Effects of Oscillatory Feed on Four-Way Catalyst Activity
Kyle Karinshak, University of Houston
Authors: Karinshak, Kyle; Kang, Sung Bong; Golden, Steve; Harold, Michael
Uncombusted methane presents a serious emissions problem for the potential adoption of Natural Gas Vehicles over gasoline and diesel vehicles; methane has a Global Warming Potential twenty times that of CO2 . Traditional Three-Way Catalysts (TWCs) are ineffective for methane abatement; new catalysts are thus necessary to meet evolving emission standards. Our previous work has shown that the combination of mixed metal oxide spinel and precious group metal (PGM), can effectively convert CH4 in addition to CO, NOx, and non-methane hydrocarbons; i.e. the Four-Way Catalyst (FWC). We have also shown that a modulated feed near stoichiometry significantly enhances the overall activity of the FWC. These findings suggest that the selection of the spinel and modulation scheme has the potential for reduction in the precious metal loading at fixed temperature or light-off temperature at fixed PGM.
This study focuses on elucidating the underlying mechanism through which spinels augment the catalytic activity of spinel + PGM FWCs. This is being accomplished through parametric experiments that explore the effects of operating conditions, catalyst composition, and catalyst architecture on catalyst performance. Our results notably suggest that the spinel enhances catalytic activity even when separated from the PGM by an intermediate layer of Al2O3. Other experiments varying the modulation amplitude, frequency, and average lean/rich ratio (lambda) reveal significant enhancement in the catalyst performance. These experiments show, for instance, that increasing oscillation amplitude increases CH4 conversion over the FWC, and that increasing the period of oscillation likewise enhance performance under certain oscillation amplitudes and temperatures. Utilizing these experiments, it is our intention to detail the mechanism through which spinels enable FWC activity and develop a kinetic model of these FWCs.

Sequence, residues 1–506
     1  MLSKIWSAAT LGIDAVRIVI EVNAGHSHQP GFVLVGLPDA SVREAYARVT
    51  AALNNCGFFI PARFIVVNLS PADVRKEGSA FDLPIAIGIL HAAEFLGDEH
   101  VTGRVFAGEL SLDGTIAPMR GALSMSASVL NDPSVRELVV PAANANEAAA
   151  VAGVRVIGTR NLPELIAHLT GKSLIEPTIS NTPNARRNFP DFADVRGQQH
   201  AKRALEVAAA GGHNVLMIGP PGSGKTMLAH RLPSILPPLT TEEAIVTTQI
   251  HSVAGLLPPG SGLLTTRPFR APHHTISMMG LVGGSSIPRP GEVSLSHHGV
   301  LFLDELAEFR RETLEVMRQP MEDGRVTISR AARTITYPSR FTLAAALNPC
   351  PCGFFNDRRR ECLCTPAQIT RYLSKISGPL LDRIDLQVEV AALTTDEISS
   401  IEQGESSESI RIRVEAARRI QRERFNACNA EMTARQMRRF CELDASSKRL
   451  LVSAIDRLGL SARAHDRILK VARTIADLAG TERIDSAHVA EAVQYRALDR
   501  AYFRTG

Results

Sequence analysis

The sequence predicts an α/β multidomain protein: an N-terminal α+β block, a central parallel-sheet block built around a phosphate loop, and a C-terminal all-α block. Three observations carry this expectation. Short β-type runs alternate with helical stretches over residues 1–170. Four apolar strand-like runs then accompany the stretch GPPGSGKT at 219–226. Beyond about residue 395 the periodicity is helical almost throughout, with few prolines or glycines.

This work was supported by DOE-EERE (DE-EE0008233).
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